PBL trigger design by medical students

An effective active learning strategy outside the classroom

Maya Roche, Indira Kakkunje Adiga, Akshatha G. Nayak

Research output: Contribution to journalArticle

3 Citations (Scopus)

Abstract

Introduction: Problem Based Learning (PBL) is known world over as an effective active learning strategy with many benefits for the student. Usually, in medical schools, PBL triggers are designed by a well-trained group of faculty from basic and clinical sciences. The challenge was whether this task could be given to students in the first year of their curriculum and be executed by them effectively. Aim: To enhance active learning, comprehension and critical thinking with a view to promote horizontal and vertical integration between subjects. Materials and Methods: Student volunteers of the first year MBBS course (n=10), who had been exposed to the curriculum for approximately 38 weeks and were familiar with the PBL process were recruited for the study. In addition to a handout on the topic ‘gout’, they were given the freedom to access any resource in the university library to construct the PBL triggers. The PBL triggers were vetted by two faculties. In addition to a focus group discussion with students, students’ and faculty’s responses were collected on a Likert scale. Results: Students opined that the exercise helped improve their comprehension (100%), critical thinking abilities (90%) and clinical orientation to the topic (100%). They felt that designing a PBL trigger was a relevant active learning strategy (100%) and would help them answer questions on this topic better in the future (90%). The clinicians who examined the PBL triggers, felt that they were of good quality and that the process was a good tool for vertical integration between basic and clinical sciences. Discussion: The results prove that students when given a challenge will rise to the occasion. Unfamiliarity with the nuances of a disease did not prevent them from going the extra mile to achieve their target. By taking part in this exercise, students benefitted in many ways and got a holistic understanding of the topic. Conclusion: PBL trigger design can be introduced as an active learning strategy for students in medical schools where PBL is part of the curriculum. It promotes integration across subjects and is very effective in augmenting student motivation.

Original languageEnglish
Pages (from-to)JC06-JC08
JournalJournal of Clinical and Diagnostic Research
Volume10
Issue number12
DOIs
Publication statusPublished - 01-12-2016

Fingerprint

Problem-Based Learning
Medical Students
Students
Curriculum
Curricula
Medical Schools
Exercise
Aptitude
Gout
Focus Groups
Libraries
Motivation
Volunteers

All Science Journal Classification (ASJC) codes

  • Medicine(all)
  • Clinical Biochemistry

Cite this

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title = "PBL trigger design by medical students: An effective active learning strategy outside the classroom",
abstract = "Introduction: Problem Based Learning (PBL) is known world over as an effective active learning strategy with many benefits for the student. Usually, in medical schools, PBL triggers are designed by a well-trained group of faculty from basic and clinical sciences. The challenge was whether this task could be given to students in the first year of their curriculum and be executed by them effectively. Aim: To enhance active learning, comprehension and critical thinking with a view to promote horizontal and vertical integration between subjects. Materials and Methods: Student volunteers of the first year MBBS course (n=10), who had been exposed to the curriculum for approximately 38 weeks and were familiar with the PBL process were recruited for the study. In addition to a handout on the topic ‘gout’, they were given the freedom to access any resource in the university library to construct the PBL triggers. The PBL triggers were vetted by two faculties. In addition to a focus group discussion with students, students’ and faculty’s responses were collected on a Likert scale. Results: Students opined that the exercise helped improve their comprehension (100{\%}), critical thinking abilities (90{\%}) and clinical orientation to the topic (100{\%}). They felt that designing a PBL trigger was a relevant active learning strategy (100{\%}) and would help them answer questions on this topic better in the future (90{\%}). The clinicians who examined the PBL triggers, felt that they were of good quality and that the process was a good tool for vertical integration between basic and clinical sciences. Discussion: The results prove that students when given a challenge will rise to the occasion. Unfamiliarity with the nuances of a disease did not prevent them from going the extra mile to achieve their target. By taking part in this exercise, students benefitted in many ways and got a holistic understanding of the topic. Conclusion: PBL trigger design can be introduced as an active learning strategy for students in medical schools where PBL is part of the curriculum. It promotes integration across subjects and is very effective in augmenting student motivation.",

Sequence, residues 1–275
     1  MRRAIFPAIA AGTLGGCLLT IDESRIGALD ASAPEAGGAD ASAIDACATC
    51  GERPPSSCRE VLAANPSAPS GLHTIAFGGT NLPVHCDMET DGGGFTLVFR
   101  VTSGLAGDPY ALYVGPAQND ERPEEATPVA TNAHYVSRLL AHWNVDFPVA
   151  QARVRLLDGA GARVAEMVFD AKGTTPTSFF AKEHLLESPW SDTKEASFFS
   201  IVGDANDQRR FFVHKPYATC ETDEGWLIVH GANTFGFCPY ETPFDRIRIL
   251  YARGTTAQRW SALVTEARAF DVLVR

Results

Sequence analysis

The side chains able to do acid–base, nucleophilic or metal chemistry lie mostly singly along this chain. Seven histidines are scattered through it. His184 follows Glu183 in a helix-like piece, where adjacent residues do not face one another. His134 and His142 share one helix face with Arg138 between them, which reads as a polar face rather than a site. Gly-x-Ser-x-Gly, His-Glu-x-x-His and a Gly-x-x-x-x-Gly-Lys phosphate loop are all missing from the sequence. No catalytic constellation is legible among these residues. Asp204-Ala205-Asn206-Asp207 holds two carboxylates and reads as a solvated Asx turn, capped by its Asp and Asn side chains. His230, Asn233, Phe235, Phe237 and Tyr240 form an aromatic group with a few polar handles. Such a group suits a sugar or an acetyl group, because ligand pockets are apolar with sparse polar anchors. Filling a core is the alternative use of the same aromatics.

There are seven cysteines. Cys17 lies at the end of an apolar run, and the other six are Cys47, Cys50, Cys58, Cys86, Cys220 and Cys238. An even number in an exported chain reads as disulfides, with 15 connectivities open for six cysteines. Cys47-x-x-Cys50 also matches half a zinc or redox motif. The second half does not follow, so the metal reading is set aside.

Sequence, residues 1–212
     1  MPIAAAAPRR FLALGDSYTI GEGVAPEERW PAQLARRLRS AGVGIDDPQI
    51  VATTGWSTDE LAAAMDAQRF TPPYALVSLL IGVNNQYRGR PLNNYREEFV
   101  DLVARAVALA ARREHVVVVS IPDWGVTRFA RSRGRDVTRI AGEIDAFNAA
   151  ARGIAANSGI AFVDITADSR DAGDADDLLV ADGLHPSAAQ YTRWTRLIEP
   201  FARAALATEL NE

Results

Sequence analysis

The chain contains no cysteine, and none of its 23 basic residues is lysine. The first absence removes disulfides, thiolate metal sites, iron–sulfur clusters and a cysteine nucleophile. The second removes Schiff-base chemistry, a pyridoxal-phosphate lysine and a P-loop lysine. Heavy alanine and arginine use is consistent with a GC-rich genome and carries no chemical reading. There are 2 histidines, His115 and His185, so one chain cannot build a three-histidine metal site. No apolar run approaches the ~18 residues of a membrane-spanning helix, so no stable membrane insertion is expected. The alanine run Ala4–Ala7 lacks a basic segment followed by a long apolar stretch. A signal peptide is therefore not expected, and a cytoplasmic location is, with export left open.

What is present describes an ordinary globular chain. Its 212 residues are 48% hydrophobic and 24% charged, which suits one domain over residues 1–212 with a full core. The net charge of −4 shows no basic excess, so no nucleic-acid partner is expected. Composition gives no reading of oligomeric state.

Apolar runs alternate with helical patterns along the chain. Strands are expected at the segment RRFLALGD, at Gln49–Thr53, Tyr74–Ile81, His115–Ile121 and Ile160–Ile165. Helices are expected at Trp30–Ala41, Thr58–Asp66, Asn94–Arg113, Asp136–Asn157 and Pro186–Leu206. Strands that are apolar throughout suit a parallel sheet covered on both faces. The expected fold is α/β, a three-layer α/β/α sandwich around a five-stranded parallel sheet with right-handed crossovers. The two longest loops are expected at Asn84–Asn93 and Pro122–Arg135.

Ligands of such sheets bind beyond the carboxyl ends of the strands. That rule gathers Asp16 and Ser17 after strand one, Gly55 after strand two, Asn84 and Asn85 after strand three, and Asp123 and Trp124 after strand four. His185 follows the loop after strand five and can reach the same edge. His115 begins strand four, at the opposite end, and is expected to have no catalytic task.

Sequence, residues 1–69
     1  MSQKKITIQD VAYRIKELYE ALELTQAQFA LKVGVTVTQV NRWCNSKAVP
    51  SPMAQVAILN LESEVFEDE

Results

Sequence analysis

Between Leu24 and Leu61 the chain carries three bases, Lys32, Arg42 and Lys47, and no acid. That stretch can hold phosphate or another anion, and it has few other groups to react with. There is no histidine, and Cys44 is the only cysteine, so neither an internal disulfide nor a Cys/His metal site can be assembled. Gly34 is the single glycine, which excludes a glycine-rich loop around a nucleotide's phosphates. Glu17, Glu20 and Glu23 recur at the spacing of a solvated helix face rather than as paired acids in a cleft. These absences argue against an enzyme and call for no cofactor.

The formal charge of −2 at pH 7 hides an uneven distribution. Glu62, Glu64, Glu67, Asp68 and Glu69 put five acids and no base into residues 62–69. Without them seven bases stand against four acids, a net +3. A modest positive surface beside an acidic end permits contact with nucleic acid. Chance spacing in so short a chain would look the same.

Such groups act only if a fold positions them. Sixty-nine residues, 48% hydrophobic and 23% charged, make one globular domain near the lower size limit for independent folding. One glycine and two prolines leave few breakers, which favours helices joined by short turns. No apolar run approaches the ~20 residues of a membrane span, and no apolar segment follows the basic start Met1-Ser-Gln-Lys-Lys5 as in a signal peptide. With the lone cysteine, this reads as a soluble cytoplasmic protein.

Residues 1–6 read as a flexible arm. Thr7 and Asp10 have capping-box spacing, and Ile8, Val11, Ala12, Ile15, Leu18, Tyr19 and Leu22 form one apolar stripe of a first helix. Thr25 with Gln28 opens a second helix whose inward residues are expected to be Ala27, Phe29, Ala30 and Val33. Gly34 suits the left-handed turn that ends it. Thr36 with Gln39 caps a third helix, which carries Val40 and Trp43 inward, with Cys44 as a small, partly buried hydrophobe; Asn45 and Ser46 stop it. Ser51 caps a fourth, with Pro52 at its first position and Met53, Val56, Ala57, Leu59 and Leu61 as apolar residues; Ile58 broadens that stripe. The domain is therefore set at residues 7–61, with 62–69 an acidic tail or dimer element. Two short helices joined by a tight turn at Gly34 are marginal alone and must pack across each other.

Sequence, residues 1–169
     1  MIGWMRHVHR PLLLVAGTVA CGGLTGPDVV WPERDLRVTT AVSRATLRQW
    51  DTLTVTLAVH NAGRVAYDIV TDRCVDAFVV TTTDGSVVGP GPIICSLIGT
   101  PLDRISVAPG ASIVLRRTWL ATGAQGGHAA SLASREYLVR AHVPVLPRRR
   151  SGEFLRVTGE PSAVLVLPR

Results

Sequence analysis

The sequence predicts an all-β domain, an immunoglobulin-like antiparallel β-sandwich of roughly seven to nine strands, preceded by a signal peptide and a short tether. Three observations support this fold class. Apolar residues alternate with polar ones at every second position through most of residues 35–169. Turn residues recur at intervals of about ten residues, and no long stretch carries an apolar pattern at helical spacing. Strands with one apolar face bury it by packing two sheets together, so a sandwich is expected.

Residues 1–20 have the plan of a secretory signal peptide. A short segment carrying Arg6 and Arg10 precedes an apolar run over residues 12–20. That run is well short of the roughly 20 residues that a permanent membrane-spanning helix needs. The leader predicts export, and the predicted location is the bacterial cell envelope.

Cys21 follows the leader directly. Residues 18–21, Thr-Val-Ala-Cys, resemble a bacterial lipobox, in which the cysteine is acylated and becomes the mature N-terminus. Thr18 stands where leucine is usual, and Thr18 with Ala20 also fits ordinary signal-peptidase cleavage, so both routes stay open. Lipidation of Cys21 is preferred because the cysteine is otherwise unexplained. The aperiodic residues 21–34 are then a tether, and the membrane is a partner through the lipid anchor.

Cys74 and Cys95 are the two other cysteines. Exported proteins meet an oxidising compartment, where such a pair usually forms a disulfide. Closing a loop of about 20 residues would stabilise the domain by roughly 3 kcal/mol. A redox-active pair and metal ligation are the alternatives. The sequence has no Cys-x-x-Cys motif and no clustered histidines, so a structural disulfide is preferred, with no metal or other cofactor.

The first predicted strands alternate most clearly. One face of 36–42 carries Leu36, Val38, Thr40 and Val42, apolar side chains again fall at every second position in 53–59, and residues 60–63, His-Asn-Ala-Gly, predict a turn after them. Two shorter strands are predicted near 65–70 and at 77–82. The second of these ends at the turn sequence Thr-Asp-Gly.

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PBL trigger design by medical students : An effective active learning strategy outside the classroom. / Roche, Maya; Adiga, Indira Kakkunje; Nayak, Akshatha G.

In: Journal of Clinical and Diagnostic Research, Vol. 10, No. 12, 01.12.2016, p. JC06-JC08.

Research output: Contribution to journalArticle

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